After sinking to RB30 overall in my rankings last week, Taylor is back up into RB2 territory thanks in large part to an incredibly easy schedule from here on out. The only truly difficult matchup remaining for Taylor will come in Week 16 against the Steelers, which isn’t ideal as it’s when most fantasy championships will occur, but until then he’ll go up against the Titans, Texans, Raiders and Texans, again. There are certainly RB2 options with safer floors, but Taylor is once again trending up and represents a much more attractive Flex play than he did one week ago.

There’s a lot more to dive into this week, so before getting to the rankings, let’s take a quick trip around the league.

Please, blog, may I have some more?

The fantasy playoffs are so close you can smell them. Wait, no that’s just me. Haven’t taken my weekly shower yet. Anywho, you’re hopefully preparing to lock up a seat at the fantasy league championship table. Get your lucky jersey out. Stop shaving that beard. Find a rabbit to depaw. Whatever you need to do to win. You could also peek under the hood with these blurbs. 

  • We’re picking up right where we left off with Nick Chubb and the Browns backfield split. He got roughly half of the snaps and half of the carries. He was hyper-efficient with 126 yards, one actual TD and one almost TD after stopping shirt of the goalline to ice the game. It looks like his path to fantasy success will remain doing extraordinary things with ordinary opportunity. 
  • Justin Jefferson is quickly making a case for consideration as a top WR in the league, not just a top rookie. Fueling his breakout is a ridiculous 6.9 average yards after the catch. That’s second to Terry McLaurin’s 7.2 for WRs with 50 targets. Dude is ridiculous with in space. That’s a perfect fit for the Vikings and could hold up. 
  • Please, blog, may I have some more?

B_Don and Donkey Teeth are back to talk about the events of week 10. What a weekend with the grossest week of football so far this season and a new Masters record. 

The podcast starts with the Drew Brees injury and what each of us thinks it could mean for the Saints offensive weapons. We discuss the possible fallout of the Stafford and Bridgewater injuries. 

With the rise of D’Andre Swift, we take a look at rookie RB rankings from this point forward. The guys can’t seem to agree on a specific order, but hash it out. The two then talk about some confusing backfields in the Browns, Rams, Bucs, and Colts, and how we are approaching them over the ROS.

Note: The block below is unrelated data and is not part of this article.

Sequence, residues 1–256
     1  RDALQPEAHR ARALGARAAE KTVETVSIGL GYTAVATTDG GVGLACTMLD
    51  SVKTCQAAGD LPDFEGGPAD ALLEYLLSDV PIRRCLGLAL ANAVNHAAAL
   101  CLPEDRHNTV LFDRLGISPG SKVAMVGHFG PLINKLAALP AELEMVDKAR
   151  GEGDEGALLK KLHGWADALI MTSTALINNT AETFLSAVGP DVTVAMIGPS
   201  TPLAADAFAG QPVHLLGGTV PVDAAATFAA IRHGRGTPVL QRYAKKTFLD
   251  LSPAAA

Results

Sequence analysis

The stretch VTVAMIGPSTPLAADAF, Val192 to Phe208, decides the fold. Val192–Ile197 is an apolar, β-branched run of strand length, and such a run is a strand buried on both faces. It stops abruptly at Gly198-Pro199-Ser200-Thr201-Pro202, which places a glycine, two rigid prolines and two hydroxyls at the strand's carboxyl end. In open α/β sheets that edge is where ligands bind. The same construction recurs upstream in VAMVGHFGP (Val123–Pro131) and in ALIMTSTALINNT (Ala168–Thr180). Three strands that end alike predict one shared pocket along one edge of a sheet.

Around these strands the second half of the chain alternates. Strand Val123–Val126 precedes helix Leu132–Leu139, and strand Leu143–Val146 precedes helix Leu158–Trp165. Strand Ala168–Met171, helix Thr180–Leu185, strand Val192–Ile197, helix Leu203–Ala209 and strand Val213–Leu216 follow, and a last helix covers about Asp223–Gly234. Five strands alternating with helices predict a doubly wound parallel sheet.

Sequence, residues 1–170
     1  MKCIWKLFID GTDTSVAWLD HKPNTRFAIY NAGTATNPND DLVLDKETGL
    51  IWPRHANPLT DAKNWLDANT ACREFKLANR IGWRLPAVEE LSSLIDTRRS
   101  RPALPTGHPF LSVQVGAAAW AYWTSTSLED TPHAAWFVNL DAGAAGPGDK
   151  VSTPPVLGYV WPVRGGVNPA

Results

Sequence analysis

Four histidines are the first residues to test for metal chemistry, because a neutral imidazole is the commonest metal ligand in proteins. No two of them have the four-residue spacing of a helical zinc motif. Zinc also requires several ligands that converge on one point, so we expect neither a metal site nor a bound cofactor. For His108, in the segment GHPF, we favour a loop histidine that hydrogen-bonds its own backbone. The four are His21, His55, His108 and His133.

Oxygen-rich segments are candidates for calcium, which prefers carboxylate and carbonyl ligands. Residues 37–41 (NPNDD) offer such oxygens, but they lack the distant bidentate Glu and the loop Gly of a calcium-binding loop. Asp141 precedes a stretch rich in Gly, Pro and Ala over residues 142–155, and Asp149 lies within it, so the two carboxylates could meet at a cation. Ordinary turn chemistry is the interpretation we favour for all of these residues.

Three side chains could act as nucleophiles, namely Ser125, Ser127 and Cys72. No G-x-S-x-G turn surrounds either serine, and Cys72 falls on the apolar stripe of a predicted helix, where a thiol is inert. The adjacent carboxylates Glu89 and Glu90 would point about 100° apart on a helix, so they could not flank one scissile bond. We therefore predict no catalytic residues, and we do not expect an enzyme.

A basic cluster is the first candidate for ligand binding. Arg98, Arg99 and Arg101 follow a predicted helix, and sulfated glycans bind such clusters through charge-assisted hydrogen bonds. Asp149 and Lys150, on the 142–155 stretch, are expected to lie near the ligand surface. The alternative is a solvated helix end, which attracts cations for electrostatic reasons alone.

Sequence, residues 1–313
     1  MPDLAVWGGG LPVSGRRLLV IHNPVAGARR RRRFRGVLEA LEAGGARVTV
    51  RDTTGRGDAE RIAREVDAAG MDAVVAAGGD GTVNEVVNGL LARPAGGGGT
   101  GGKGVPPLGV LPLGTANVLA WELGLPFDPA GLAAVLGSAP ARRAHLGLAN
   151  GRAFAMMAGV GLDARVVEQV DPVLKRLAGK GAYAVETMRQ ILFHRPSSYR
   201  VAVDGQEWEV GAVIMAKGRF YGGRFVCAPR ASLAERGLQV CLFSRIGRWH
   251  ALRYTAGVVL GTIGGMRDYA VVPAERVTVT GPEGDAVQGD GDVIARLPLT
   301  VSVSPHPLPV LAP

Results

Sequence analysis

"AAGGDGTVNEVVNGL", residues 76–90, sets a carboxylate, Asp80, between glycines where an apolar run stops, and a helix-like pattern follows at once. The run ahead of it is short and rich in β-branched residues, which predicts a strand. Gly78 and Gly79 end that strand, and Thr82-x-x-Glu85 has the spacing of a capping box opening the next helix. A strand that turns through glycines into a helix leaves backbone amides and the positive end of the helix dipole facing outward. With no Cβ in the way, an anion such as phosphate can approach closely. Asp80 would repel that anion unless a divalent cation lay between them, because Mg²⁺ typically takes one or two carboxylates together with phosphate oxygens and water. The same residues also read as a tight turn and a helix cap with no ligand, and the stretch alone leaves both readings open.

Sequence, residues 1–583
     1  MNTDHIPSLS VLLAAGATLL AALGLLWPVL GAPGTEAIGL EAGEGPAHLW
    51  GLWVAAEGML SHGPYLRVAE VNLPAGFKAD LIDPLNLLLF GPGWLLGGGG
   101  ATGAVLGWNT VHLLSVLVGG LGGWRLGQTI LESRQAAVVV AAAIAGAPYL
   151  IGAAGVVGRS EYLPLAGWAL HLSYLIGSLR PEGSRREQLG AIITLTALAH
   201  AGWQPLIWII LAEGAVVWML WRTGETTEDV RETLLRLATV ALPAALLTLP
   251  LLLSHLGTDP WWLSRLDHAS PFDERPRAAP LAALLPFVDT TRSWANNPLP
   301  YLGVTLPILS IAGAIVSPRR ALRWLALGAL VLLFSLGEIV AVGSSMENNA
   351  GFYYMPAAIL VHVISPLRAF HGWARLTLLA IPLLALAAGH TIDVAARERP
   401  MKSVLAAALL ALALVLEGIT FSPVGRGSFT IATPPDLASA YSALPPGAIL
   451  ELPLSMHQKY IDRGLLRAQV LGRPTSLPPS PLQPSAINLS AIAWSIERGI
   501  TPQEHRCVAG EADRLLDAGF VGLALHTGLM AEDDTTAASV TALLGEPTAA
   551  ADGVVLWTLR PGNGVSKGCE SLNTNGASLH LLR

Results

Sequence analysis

As we move to WRs, B_Don asks DT if he trusts Marquez Valdes-Scantling after 2 strong showings, even with Allen Lazard likely to return to the mix. As with the RBs, the guys discuss a few complicated situations in the Eagles, Bucs, and Steelers. And of course, we finish with the A**hole of the week. 

Please, blog, may I have some more?

THUMP. That was Week 10 crushing us in the face. It was unpredictable, I know, but let’s begin the conversation about the running back position this past week with a look at some of the names that finished inside RB1 territory, with their overall rank listed: RB3 Nyheim Hines, RB4 Ronald Jones, RB5, D’Andre Swift, RB6 Devontae Booker, RB7 Rex Burkhead, RB8 Antonio Gibson, RB10 Wayne Gallman, RB11 Malcolm Brown and RB12 Salvon Ahmed. That’s three-fourths of the past week’s RB1 finishers going to running backs that were likely all drafted outside of the first five rounds in your fantasy draft and at least three, maybe four players who may not have even been rostered in your league as of Sunday night. Next, let’s move over to RB2 territory: RB14 J.D. McKissic, RB15 Boston Scott, RB17 Kalen Ballage and RB23 Alex Collins. Overall, that’s 12, or half, of Week 10’s RB1-2 crop going to names that likely required very little draft capital to make your roster. Some of those names are less surprising, like Swift and Gibson, but for the sake of argument, both running backs finished outside the top-28 running backs drafted in 2020. It’s already been a miraculous year at the position — for some, perhaps heart-breaking is a more fitting adjective — and the madness ensued in Week 10, to put it lightly. Fortunately, we can at least say we did not see the same absurd number of running back injuries as we’ve grown accustomed to.